These dusty paths and sloping trails looks like any regular hiking trail except that this place was once, 3.4 million years ago, covered in volcanic ash from a volcanic explosion. The trees at Mt. Saint Helena turned to stone as it trapped oxygen and over time replaced the inner tree matter with silica – turning them into stone fossil but with all the known tree attributes intact.
So this special place was unknown until 1870 when a farmer named Charles Evans discovered a log solid as stone on his property. With scientists, geologists, and researchers coming to study this phenomenon unearthed more knowledge of this petrification process.
This property has always been privately owned and the last owner was named Ollie Beckie; in 1917 she shaped its future to become a place for research, scientific discovery, land preservation, and educational venue. Here is a helpful link for more information if you’re interested.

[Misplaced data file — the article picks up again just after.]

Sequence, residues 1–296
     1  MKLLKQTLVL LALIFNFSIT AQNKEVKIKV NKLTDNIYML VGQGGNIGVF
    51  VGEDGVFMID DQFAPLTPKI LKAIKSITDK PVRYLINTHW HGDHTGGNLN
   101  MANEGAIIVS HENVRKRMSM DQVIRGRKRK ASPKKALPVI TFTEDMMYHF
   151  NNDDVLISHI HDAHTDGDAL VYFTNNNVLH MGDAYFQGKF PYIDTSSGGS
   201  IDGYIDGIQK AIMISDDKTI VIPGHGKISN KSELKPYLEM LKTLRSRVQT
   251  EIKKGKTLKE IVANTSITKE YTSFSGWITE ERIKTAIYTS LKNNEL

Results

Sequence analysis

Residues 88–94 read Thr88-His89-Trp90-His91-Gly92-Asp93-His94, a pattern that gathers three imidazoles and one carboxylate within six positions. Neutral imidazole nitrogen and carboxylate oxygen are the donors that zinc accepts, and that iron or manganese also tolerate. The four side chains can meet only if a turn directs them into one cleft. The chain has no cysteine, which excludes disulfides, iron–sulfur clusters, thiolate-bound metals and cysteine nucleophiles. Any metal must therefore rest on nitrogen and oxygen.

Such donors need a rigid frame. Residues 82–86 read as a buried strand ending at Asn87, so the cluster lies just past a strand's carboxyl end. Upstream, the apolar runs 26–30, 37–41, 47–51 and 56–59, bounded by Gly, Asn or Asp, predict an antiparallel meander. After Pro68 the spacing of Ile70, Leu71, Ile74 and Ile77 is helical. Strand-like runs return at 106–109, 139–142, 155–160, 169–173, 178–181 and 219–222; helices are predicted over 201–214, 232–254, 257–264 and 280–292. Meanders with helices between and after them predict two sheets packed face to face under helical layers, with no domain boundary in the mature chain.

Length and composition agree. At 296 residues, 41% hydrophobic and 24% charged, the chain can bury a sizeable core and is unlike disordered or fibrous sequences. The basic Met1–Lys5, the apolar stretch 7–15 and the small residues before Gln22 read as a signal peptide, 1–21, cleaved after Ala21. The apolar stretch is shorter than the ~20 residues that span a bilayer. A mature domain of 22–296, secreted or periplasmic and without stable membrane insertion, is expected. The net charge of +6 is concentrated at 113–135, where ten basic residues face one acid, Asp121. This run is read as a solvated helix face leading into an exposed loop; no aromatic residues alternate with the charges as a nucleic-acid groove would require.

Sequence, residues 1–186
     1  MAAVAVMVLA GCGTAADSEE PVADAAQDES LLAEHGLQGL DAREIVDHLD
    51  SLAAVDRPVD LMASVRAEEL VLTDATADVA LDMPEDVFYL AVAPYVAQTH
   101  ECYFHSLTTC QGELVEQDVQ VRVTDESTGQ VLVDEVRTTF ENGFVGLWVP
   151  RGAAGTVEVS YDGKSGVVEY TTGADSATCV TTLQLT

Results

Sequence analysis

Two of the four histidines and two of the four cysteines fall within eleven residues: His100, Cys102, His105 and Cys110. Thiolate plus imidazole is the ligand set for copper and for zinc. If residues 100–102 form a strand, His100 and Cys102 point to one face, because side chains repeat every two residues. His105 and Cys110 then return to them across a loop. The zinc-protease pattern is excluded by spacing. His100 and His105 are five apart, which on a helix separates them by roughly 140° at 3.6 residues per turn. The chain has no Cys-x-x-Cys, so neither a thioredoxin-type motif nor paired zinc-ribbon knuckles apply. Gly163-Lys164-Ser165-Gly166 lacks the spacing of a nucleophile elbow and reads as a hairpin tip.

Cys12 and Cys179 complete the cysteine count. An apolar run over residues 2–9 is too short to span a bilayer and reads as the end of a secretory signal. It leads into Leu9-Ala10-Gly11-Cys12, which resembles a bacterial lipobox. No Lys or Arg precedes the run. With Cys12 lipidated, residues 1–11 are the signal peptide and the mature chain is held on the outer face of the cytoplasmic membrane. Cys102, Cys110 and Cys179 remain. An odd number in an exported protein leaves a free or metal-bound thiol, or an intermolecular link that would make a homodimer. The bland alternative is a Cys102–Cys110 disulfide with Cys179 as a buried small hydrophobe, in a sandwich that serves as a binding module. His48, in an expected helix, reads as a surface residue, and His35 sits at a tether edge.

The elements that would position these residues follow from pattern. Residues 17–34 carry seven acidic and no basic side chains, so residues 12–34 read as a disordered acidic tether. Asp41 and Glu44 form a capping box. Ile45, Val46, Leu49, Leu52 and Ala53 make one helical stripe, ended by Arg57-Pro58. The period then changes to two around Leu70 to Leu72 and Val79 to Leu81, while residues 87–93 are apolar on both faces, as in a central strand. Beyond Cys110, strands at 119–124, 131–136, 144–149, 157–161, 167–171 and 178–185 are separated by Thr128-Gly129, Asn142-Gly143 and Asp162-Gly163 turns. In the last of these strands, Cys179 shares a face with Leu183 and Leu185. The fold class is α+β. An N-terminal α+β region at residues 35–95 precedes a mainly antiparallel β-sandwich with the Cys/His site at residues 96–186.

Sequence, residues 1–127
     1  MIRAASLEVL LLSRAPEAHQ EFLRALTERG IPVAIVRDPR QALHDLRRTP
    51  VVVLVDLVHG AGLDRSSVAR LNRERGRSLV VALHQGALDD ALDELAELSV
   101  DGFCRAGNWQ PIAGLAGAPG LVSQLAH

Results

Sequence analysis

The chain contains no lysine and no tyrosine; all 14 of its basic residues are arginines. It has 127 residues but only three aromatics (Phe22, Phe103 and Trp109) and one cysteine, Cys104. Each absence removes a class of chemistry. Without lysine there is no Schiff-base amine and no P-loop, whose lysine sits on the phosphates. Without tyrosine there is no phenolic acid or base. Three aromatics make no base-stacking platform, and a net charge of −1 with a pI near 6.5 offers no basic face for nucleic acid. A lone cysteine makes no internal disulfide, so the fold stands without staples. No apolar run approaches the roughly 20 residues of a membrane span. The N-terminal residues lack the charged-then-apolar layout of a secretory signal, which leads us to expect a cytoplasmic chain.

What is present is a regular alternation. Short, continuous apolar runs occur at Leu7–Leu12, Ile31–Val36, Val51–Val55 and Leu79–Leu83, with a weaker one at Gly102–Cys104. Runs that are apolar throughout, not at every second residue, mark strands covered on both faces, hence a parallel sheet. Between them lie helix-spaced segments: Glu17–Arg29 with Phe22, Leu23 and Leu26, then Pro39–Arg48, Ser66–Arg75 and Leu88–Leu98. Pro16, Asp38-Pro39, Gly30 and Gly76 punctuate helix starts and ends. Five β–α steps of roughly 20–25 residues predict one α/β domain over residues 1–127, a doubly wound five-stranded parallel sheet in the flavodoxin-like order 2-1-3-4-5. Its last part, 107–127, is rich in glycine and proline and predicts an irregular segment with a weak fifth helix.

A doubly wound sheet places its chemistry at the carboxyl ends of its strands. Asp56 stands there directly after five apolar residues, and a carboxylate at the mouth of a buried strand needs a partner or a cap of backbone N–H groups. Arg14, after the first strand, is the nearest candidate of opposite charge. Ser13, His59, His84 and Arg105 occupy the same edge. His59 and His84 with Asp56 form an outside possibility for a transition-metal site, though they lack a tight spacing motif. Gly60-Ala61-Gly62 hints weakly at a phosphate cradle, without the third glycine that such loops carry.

I didn’t expect to be this amazed when I suggested it as a day outing. Our initial curiosity turned to amazement as we explored the place’s beauty, history, and wonder of nature! This is the kind of historic place that needs a repeat visit to soak in the beauty and history of petrified trees.
Here are some photos:
Welcome to my blog! My name is Esther and I'm so happy you are here. I'm an avid nature photographer and a daydreaming thinker. My posts revolve around photos of nature's beauty, homeschooling adventures with my 2 kids, sporadic reflections on my child's heart condition, Bible reading reflections, gardening feats, and other mish mash things. Hopefully you'll leave encouraged, pensive, or smiling at the simple things of life. Thank you for stopping by and hope you'll find some interesting posts to read!